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2020.05.26

【Aging, safety net and fiscal crisis in Japan】No.224: Can Sumo Overcome COVID-19?

In this column series, Yukihiro Matsuyama, Research Director at CIGS introduces the latest information about aging, safety net and fiscal crisis in Japan with data of international comparison.

According to the Japan Sumo Association, the Japanese national sport of sumo was described in the Kojiki, a history book that was first created in Japan in 712. In other words, it originated quite some time ago. As well as being the national sport, Sumo was a ceremony at an annual festival for harvesting crops. During the Sengoku period (between the end of the 15th century until the 16th century), it also became one of the training methods for samurais, as warriors repeatedly fought to unify the nation throughout this period. It was later, during the Edo period (1603-1868), that Sumo came to be performed as a professional sport. This was at a time when the unification of the whole country was realized and peace was established under the system that remains intact today.

The business base of sumo is being affected by the spread of COVID-19. First, the fact that some sumo wrestlers have been infected has made it difficult to hold daily training sessions and official tournaments. Second, hosting events with a large audience is not permitted until the domestic corona infection is resolved. The tournament, which is the biggest source of income for the Japan Sumo Association, is held six times a year (in January, March, May, July, September, and November). Given the circumstances, the association decided to cancel the May 2020 tournament and to hold the July tournament without an audience.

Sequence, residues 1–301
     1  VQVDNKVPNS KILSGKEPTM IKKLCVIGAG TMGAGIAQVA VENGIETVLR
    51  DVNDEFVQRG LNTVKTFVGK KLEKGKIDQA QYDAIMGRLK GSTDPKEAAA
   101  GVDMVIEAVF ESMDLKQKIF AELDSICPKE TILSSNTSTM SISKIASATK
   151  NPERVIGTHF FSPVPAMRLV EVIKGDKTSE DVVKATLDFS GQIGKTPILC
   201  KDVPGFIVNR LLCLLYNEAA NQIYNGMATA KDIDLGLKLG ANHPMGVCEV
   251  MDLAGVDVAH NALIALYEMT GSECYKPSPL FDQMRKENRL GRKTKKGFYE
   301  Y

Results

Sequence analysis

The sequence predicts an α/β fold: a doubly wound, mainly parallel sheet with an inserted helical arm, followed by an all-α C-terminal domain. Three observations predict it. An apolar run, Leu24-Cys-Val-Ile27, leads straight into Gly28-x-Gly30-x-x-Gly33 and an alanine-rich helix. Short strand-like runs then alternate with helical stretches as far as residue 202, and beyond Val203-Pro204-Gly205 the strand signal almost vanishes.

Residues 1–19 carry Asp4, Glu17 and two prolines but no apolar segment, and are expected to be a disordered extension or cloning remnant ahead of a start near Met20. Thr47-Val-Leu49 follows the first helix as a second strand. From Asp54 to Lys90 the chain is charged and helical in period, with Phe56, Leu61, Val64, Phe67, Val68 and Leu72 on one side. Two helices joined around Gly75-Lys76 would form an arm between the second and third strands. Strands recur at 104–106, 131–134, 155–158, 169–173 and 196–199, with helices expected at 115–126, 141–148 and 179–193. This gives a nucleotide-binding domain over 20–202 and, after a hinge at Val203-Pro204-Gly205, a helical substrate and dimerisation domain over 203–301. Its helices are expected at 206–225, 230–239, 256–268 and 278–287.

As shown in Table 1, the total revenue from the 6 tournaments and local events in 2019 was JPY 12,354 million (US $ 114 million). The duration of each tournament is 15 days, and there are, on average, approximately 10,000 spectators per tournament. Therefore, for each tournament that is not held, the losses are estimated at JPY 1,500 million (US $ 14 million).

On the other hand, as shown in Table 2, at the end of December 2019, the Association had cash and deposits totaled JPY 3,353 million (US $ 31 million). However, the accounts payable within one year were JPY 1,690 million (US$ 16 million). Therefore, the cash and deposits that the association could freely spend totaled JPY 1,663 million (US $ 15 million). This figure is about the same as the revenue per tournament. Moreover, the fixed personnel expenses are JPY 6,322 million (US $ 59 million) per year. On account of this, it is feared that sumo, which is one of the symbols of Japanese culture, will face further difficulties when the second and third waves of COVID-19 infection arrive.


Table 1: Operating Balance of the Japan Sumo Association (January 2019 - December 2019)

column/224-01.jpg*Please click the table image to find the original size image.

(Note) The conversion rate is JPY108 = US$ 1

(Source) Japan Sumo Association, Financial Statements 2019


Table 2: Operating Balance of the Japan Sumo Association (The end of December 2019)

224-02.jpg*Please click the table image to find the original size image.

(Note) The conversion rate is JPY108 = US$ 1

   The total does not necessarily match due to rounding.

(Source) Japan Sumo Association, Financial Statements 2019

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